You might not want to yell "Opa!" after dining at Athens on 4th Avenue, but an enthusiastic "Nóstima!" will work just fine.
It's a context thing: "Opa" means party, and while dining at Athens can be a party, "nóstima" means delicious, and dining at Athens will be that.
Hands-down, Athens is the most authentic Greek restaurant in town.
Andreas Delfakis opened the restaurant in 1993, and two of three daughters still work for him: Jeannie Delfakis Benavente serves as kitchen manager, and Cyriana Varnasidis manages and cooks.
Photos of Benavente's sons, one of a 4-month-old Andreas in a chef's pot (he's now 8 years old), greet you when you walk in.
Diners eat in one of two quietly elegant dining rooms. On both visits, the service was outstanding, with each server friendly and knowledgeable.
The menu includes just about every Greek dish you can imagine, and then a few more.
And the wine list has some of the finest Greek wines you'll find in this city, including Sigalas Santorini (100 percent Assyrtiko grape) - one of the best Greek whites available in the United States.
On our first visit, we started with the tiri saganaki appetizer ($8.95).
Kefalotiri, a sheep's milk gourmet cheese, was dusted in flour and sautéed in clarified butter.
Our server poured a shot of brandy over the top, then lit the alcohol and exclaimed, "Opa!" The flame was put out with fresh lemon juice, which seared a succulent crust over the cheese.
This dish packed a wallop of flavor and was served with soft pita triangles shipped in from Olympia Gyros Co. in Chicago, which is owned by relatives.
Olympia also makes the lamb and beef gyro meat for the gyro appetizer ($10.95), which is another great place to start your culinary journey at Athens.
Rotisserie-broiled spiced lamb and beef were thinly sliced and served along with mixed greens, tomatoes and cucumber, cubes of feta cheese, Kalamata olives imported from Greece, tzatziki sauce, and Olympia pita triangles.
Athens makes its own yogurt for its tzatziki sauce, adding to the memorable creaminess redolent with fresh garlic and double the amount of cucumber of traditional tzatziki.
Benavente said the restaurant goes through 20 gallons of tzatziki a week in summer and double that during high season.
Both soups on the menu are worth a try. Vegetarians will love the vegan lentil soup (small $4; large $7), a hearty mixture of lentils swimming in a crushed tomato, sweet onion, fresh garlic, herb and extra virgin olive oil base. You could taste the garlic with every bite.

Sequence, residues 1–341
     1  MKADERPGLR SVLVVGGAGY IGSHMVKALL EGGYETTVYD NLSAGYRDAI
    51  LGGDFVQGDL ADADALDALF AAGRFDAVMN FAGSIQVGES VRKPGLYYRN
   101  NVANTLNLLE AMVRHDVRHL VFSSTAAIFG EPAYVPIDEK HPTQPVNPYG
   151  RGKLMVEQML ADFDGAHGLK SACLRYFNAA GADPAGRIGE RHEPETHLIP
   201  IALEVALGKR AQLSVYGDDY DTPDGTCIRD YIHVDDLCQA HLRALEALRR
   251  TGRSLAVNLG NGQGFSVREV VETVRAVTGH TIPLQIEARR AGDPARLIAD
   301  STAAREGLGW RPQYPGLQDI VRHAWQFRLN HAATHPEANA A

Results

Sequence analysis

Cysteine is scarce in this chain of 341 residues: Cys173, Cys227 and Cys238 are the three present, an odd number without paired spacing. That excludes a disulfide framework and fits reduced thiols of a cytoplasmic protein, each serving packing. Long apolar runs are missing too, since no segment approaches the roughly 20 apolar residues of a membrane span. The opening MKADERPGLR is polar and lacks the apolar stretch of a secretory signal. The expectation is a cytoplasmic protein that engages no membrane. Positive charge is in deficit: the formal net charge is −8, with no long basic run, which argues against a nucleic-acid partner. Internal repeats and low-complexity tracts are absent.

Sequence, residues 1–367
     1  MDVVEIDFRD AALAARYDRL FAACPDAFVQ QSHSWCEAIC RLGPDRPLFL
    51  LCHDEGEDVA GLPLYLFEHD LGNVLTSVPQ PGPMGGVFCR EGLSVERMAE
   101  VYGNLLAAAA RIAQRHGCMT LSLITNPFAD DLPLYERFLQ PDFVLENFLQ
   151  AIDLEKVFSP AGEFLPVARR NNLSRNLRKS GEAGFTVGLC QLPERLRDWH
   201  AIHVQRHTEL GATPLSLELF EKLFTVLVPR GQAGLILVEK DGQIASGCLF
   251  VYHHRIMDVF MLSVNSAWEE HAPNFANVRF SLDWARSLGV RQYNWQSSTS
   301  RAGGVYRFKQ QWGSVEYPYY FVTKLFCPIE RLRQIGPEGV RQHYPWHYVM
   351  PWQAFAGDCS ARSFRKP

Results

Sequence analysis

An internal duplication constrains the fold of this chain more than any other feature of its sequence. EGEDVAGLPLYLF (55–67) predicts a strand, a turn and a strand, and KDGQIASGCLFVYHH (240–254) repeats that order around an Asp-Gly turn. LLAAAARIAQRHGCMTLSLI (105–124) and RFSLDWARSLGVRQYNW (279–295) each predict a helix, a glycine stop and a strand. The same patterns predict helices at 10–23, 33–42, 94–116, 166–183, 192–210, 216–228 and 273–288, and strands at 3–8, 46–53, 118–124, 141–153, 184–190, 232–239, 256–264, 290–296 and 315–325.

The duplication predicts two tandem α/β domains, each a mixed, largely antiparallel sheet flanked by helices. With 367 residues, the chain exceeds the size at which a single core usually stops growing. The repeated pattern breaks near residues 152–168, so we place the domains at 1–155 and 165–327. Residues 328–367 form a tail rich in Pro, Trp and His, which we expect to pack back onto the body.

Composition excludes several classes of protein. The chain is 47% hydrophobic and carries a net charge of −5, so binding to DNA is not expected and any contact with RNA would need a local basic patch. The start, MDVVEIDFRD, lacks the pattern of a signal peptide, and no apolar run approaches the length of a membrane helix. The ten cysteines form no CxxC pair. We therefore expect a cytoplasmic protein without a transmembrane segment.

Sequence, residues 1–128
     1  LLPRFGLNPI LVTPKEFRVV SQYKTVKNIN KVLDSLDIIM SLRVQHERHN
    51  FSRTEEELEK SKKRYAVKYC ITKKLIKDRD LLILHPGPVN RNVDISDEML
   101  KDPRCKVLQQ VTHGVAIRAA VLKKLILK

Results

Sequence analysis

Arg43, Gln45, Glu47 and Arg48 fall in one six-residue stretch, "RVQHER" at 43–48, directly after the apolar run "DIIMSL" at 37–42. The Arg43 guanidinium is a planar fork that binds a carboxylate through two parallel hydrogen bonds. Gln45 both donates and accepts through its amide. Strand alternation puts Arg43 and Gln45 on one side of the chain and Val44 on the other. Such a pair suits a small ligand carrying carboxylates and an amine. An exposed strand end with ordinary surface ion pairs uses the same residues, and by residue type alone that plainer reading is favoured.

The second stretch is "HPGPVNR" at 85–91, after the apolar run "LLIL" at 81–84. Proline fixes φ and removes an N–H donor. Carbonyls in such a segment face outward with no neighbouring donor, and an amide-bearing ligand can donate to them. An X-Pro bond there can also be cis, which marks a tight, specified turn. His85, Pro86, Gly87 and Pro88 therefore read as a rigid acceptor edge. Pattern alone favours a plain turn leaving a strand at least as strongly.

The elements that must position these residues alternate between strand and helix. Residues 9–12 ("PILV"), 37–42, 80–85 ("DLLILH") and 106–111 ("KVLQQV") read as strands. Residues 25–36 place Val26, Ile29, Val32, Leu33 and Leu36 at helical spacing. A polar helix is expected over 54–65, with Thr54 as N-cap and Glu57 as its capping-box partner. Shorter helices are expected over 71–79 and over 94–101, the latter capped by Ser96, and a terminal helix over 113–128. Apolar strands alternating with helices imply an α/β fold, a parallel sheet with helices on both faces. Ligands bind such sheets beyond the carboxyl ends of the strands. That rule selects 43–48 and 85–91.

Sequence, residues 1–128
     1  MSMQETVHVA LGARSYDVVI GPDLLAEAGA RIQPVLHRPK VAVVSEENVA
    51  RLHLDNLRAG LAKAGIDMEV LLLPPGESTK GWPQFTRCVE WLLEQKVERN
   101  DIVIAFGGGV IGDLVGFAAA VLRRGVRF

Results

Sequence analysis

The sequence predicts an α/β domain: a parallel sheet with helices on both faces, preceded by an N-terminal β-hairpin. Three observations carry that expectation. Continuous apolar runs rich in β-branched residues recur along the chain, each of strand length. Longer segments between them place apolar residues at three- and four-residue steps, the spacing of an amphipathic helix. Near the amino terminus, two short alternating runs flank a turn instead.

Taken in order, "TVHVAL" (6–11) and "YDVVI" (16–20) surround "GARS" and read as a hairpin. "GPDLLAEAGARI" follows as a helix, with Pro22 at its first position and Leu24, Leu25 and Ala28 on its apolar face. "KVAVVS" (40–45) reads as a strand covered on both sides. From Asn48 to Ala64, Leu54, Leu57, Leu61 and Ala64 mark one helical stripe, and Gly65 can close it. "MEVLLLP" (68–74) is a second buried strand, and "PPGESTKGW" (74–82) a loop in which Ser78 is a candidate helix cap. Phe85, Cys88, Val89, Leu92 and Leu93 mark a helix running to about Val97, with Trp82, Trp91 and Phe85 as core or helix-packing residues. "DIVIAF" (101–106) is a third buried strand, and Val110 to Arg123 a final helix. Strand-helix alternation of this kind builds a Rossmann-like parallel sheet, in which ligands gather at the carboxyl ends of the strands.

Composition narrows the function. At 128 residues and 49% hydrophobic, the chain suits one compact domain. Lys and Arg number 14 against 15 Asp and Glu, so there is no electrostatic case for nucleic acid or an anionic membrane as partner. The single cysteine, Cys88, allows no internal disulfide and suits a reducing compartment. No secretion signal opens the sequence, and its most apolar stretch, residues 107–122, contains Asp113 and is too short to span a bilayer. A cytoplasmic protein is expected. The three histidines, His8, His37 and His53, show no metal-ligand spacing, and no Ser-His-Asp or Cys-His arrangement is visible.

Avgolemono soup (small $5.50; large $8.50) uses a family recipe and Athens' chicken stock to make a very thick, traditional soup.
Rice is added to the stock and stirred slowly to release the starch from the rice. Fresh lemons, eggs and chicken make a hearty soup with chunks of chicken breast and lemon flavors.
The Gleekathakia ($17.95), or Greek sweetbreads, is one of Athens' signature dishes. Sweetbreads here are the thymus gland of veal and are very mild in texture and flavor.
They were lightly dusted in flour and sea salt and pan fried in extra virgin olive oil to a perfect crispness.
The sweetbreads, some of the best we have tasted, were removed from the pan, and a white wine reduction created with tomatoes and scallions. It was served with a small salad.
Kakavia ($24.95), or fishermen's seafood stew, was a melange of seafood selections, with eight ounces of prawns, mussels, clams, salmon and calamari simmering in a savory tomato base with citrus, herbs and dry white wine. Athens makes its own marinara and goes through about four gallons a week.
Another specialty is braised lamb ($16.95), a shoulder chop seared in extra virgin olive oil and braised with tomatoes, onions, a bit of cinnamon and other spices.
The lamb was served with the vegetable of the day, in this case, a tasty plate of flat green beans, and a side of al dente linguine.
To round out our Greek tour, we ordered moussaka ($15.95), another staple.
The baked layers of flavorful ground beef, grilled eggplant and potatoes were topped with a rich bechamel sauce.
One drawback: The hefty piece of moussaka came out a bit mushy, with overcooked potatoes.
But the flavors were great, and 95 percent lean beef is used, effectively canceling out the calories of the bechamel sauce. Or so we hope.
We tasted some nutmeg in the dish, even though only a half-teaspoon is used for every five pounds of beef.
I'm a sucker for rice pudding, so we shared a cinnamon-topped bowl ($4.75) to end an already memorable evening.
The pudding was slowly stirred to create thickness, and its ingredients make up the perfect dessert: Whole milk, rice, eggs, vanilla and sugar, all sprinkled with cinnamon.
And this one didn't disappoint. The creamy rice mixture's sweetness balanced with the spicy undertones of the cinnamon.
it's greek to me
Catering to requests from their Oro Valley and Catalina fans, the Delfakis family recently started serving Greek fare at 15920 N. Oracle Road.
George Varnasidis runs the new place, It's Greek to Me, which was an existing restaurant the family took over and renovated. The menu is similar to Athens on 4th Avenue.
Athens on 4th Avenue
500 N. Fourth Ave., 624-6886.
• Hours: 11 a.m.-10 p.m. Mondays-Saturdays.
• Family call: There's no kids' menu, but the kitchen will customize for kids.
• Noise level: Nice and quiet.
• Vegetarian choices: A few.
• Dress: Casual.
• Reservations: Recommended.
•Prices: Entrees range from $10.95 to $24.95.
• Wine list: Impressive selection of Greek wines. The list ranges from $22 to $65.
• Happy hour: A 3-6 p.m. Monday-Friday happy hour features $3, $5 and $7 appetizers and drinks that include Greek beers, ouzo and glasses of house wine for $3, call drinks for $5 and top-shelf drinks for $7.
• Etc.: A parking lot is behind the restaurant off East Sixth Street.